13. 13. Impediments to Problem Solving<br />Inability to be creative, imaginative or "off the wall'' in developing alternative solutions<br />Being inflexible or too serious to have fun while problem solving<br />Being so chronically immersed or emotionally "stuck'' in problems that no feelings or emotions can be elicited<br />Resentment about having to solve the problem; blaming others for causing the problem; no desire to own up to the problem yourself<br />Believing that problems are the concerns of others, not me; therefore, why waste my time in trying to solving them<br />13<br />
  14. 14. Essential things needed for productive problem solving<br />A clear description of the problem.<br />A description of the limiting (or negative) factors involved in the problem.<br />A description of the constructive (or positive) factors involved in the problem.<br />Sufficient data regarding the scope, location, size and seriousness of the problem.<br />A clear delineation of the "ownership'' of the problem. Whose problem is it: mine, yours, the other guy's, my boss', my spouse's, my child's, my parents', my teacher's?<br />A clear description of the scope of the problem: How extensive a problem is it? How long has this problem existed? How many people are affected? What else is affected by this problem?<br />A clear description of the consequences if the problem were not solved: What is the possible impact on my family, job, marriage, school performance, life in this community, company etc., if this problem isn't solved? What is the worst possible thing that could happen if this problem isn't solved?<br />14<br />
  15. 15. Essential things needed for productive problem solving<br />A list of brainstormed solutions to the problem, with each alternative analyzed as to its reality, its benefits and the consequences for following each one.<br />A system of ranking each solution to finalize the decision-making process. A rating system for analyzing each solution is developed, e.g., 100 percent chance of success, 75 percent chance of success, 50 percent chance of success.<br />Determination to follow through on the solution decided upon jointly. This involves full motivation to "take the risk'' and pursue the solution to its fullest<br />Management support and buy-in<br />Empowerment to solve problems and confidence in the solution<br />Adequate allocation of resources (time and people)<br />15<br />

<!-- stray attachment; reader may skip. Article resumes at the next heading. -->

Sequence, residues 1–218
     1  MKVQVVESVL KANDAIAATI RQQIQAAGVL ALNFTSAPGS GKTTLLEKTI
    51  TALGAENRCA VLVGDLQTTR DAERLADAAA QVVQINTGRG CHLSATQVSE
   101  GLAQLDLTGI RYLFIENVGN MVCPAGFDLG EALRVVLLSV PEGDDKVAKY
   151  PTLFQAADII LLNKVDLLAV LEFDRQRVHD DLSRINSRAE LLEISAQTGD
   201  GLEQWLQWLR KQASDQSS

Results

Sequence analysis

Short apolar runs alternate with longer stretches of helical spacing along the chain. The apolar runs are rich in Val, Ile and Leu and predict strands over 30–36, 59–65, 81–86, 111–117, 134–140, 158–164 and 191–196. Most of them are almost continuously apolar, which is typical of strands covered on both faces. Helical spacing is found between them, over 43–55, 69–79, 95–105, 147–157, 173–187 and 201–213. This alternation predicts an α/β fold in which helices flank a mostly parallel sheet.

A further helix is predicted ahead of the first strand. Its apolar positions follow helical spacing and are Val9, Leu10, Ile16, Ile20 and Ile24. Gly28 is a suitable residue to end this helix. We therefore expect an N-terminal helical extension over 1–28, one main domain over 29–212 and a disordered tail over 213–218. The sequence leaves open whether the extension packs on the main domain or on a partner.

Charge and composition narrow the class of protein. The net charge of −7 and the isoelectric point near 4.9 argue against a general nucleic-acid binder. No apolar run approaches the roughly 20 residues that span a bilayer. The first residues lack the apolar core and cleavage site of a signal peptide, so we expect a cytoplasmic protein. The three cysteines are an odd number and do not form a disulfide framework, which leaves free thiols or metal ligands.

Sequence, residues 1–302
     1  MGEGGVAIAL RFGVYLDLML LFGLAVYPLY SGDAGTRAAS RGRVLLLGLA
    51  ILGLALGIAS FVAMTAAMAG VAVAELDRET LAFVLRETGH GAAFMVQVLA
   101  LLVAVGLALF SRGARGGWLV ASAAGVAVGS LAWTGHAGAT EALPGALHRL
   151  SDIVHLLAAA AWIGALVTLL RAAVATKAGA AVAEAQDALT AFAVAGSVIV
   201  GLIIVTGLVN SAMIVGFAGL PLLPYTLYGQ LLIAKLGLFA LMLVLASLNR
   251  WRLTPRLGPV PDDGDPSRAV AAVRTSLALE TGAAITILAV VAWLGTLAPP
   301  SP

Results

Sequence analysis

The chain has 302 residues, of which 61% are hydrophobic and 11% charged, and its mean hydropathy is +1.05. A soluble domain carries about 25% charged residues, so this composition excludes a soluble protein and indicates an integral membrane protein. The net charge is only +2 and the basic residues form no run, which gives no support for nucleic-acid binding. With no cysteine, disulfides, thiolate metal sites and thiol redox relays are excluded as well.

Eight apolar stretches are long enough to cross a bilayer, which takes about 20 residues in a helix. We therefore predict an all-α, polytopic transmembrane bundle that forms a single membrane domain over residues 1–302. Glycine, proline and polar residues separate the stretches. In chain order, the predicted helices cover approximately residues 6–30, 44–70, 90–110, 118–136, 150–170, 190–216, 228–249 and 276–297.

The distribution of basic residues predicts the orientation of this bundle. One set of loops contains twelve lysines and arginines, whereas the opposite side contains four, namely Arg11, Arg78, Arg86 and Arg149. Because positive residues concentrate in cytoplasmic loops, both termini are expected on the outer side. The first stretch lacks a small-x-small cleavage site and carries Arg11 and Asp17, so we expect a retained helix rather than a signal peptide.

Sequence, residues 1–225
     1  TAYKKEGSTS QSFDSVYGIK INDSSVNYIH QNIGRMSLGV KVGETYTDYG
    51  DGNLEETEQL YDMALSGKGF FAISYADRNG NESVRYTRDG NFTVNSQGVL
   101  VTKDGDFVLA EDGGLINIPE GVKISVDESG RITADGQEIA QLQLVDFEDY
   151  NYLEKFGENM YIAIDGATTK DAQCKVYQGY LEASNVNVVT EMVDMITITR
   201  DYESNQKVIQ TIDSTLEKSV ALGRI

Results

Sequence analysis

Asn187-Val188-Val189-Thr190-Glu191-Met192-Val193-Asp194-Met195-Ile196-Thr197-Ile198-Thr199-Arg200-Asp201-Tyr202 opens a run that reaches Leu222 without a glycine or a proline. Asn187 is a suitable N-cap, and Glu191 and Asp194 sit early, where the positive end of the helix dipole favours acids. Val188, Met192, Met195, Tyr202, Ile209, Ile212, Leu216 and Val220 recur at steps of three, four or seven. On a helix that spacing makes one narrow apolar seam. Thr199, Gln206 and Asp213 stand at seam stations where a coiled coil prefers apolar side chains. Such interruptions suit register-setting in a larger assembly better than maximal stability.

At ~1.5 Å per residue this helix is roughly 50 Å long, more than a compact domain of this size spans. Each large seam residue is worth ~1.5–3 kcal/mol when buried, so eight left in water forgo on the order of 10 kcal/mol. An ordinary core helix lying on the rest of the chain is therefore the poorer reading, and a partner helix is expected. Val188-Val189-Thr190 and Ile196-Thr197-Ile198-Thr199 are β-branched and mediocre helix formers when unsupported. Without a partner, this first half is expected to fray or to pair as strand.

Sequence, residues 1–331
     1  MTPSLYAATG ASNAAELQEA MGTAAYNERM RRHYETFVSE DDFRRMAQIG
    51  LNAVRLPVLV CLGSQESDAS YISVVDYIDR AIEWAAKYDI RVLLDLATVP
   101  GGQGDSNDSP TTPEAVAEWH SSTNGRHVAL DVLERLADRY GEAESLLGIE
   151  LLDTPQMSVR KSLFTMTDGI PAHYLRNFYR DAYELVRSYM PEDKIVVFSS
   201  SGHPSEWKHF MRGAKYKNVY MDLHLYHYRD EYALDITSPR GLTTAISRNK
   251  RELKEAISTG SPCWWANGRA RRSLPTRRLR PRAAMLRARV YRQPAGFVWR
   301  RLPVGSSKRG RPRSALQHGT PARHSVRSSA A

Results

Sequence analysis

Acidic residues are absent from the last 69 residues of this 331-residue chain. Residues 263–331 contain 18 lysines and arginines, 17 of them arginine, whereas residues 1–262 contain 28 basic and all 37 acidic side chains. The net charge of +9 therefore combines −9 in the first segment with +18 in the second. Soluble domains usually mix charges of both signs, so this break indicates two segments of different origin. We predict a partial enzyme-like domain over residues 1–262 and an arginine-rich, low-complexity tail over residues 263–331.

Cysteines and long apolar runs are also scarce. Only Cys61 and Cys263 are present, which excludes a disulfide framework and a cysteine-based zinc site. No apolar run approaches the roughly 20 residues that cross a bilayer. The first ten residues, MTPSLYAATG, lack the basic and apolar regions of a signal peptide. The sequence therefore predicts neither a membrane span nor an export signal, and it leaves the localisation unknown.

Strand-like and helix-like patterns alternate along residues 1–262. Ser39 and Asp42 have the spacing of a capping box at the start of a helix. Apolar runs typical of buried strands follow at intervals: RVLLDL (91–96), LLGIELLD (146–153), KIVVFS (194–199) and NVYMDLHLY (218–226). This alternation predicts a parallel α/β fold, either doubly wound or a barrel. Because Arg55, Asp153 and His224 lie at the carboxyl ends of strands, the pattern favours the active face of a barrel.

16. 16. Nine Key Steps to Productive Problem Solving<br />Understand the problem environment<br />Define the problem<br />Identify what’s required<br />Identify what’s available (resources)<br />Isolate functions/activities needing improvement<br />Identify success criteria<br />Generate alternative solutions given the resources at hand, and what resources may be needed.<br />Analyze risks, hidden assumptions, and unexpected impacts<br />Select the best solution<br />16<br />
  17. 17. Tips for productive problem solving<br />Five-dimensional thinking or looking at a problem from five different dimensions:1. What is the size or extent of the problem?2. How would really be affected if the problem was left unattended or unsolved?3. How are you functioning in handling the problem-solving process?4. What do your five senses tell about the problem, i.e., what you see, hear, touch, smell and taste?5. What does the world of reality look like from within the problem?<br />17<br />
  18. 18. Some Problem Solving Methodologies<br />Drill Down method<br />Straw Man Approach (Trial and Error)<br />Heuristic method (Rules of Thumb)<br />5 Whys<br />Kepner-Tregoe Situation Analysis, Problem and Decision Making methods (Is, Is-Not method)<br />Deming's PDCA, or PDSA method<br />Six Sigma’s DMAIC method<br />Value Analysis/Value Engineering<br />18<br />
  19. 19. Don’t forget: The Scientific Method<br />Make Observations<br />Collect data <br />Define problem <br />Hypothesize <br />Test with experiment<br />Analyze Results and Draw Conclusion<br />Apply solutions <br />19<br />